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Crude prices to curb oil well cement consumption through 2022

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Oilfield Technology,

The market for global oil well cement, a specialty niche cement product used in oil, gas and geothermal well-bore drilling, is projected to exceed five million tons by the end of 2017. The figure represents a 26% decline versus the 2013 peak, according to CW Research’s World Oil Well Cement Market Forecast 2022.

Nonetheless, the outlook for oil well cement is not all doom and gloom, as Robert Madeira, CW Research’s Managing Director and Head of Research, explained: “API-certified, as well as non-certified equivalents, class G and H oil well cement consumption is expected to benefit over lower-grade oil well cements, such as class A and Ordinary Portland Cement (OPC) blends. Following the Macondo accident, drillers have been pressured to comply with ever-tighter cementing regulations, and few are willing to chance it when it comes to cementing jobs. With respect to lower demand, we are not really seeing a decrease in oil well cements, as much as a “new normal” for lower crude oil prices with a following lower drilling activity.”

Today, the oil well cement segment is valued at US$0.5 billion and expected to surpass US$0.7 billion by 2022. The world demand for oil well cement (API-certified and non-certified products) represents a small, but highly specialised and important, segment of the global cement industry, accounting for less than one percent of the 4.2 billion t world cement market.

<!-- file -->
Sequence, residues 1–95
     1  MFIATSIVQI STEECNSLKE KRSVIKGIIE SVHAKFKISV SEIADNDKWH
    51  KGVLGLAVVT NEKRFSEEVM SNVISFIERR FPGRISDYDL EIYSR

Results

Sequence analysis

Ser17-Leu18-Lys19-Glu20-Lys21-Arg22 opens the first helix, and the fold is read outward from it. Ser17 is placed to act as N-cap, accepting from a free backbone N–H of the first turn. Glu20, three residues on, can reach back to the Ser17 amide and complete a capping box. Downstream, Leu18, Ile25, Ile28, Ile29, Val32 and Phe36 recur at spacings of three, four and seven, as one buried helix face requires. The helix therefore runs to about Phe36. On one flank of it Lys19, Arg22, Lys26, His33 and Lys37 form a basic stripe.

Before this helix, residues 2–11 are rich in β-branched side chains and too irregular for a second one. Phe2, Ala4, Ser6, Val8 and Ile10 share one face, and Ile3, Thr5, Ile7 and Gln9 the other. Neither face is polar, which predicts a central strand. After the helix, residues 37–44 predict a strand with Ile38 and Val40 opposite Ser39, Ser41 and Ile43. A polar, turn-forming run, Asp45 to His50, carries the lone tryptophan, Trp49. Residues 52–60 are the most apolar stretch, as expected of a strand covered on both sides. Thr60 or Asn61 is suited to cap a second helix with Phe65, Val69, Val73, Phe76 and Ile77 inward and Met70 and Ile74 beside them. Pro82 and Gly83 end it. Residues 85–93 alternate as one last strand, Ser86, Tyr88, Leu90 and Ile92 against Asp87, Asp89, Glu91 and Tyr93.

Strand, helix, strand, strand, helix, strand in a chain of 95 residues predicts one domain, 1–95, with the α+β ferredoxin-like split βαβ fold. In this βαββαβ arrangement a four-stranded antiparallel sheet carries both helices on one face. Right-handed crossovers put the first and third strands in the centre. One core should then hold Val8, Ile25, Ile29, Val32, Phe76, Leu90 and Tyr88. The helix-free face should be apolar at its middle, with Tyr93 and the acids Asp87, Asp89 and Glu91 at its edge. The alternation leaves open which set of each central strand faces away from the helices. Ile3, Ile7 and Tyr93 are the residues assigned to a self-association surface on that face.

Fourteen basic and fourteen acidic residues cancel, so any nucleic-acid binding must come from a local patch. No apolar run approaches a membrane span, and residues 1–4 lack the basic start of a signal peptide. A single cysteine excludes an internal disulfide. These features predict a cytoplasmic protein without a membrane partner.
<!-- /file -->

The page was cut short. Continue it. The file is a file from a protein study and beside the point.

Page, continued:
Crude oil prices slow drilling activity

As crude oil prices trade below the US$45 per barrel threshold, there is limited incentive for drillers, especially in high-cost markets, such as US shale, to increase crude output, let alone drill new wells. Consequently, the comparatively lower drilling activity has negatively impacted oil well cement consumption. Looking forward, however, CW Research expects average crude pricing to rise over time, and, in its base case scenario, to trend above US$70/bbl by 2021.

OPEC’s (Organization of the Petroleum Exporting Countries) attempts to constrain the oversupplied crude market, with the end goal of raising prices, have so far had a limited impact. Several markets, such as Libya, Ecuador, Qatar and Iraq, have been exceeding their quotas on crude production under the OPEC deal. Meanwhile, non-OPEC markets, such as Russia, Kazakhstan, Canada and Brazil, are additionally expected to bring large drilling projects online in the coming years, which are forecast to add more than 1 million bpd to the global production capacity. Nonetheless, with a somewhat improving global demand profile, prices are expected to slowly tick up over the coming years, leading to higher levels of drilling activity.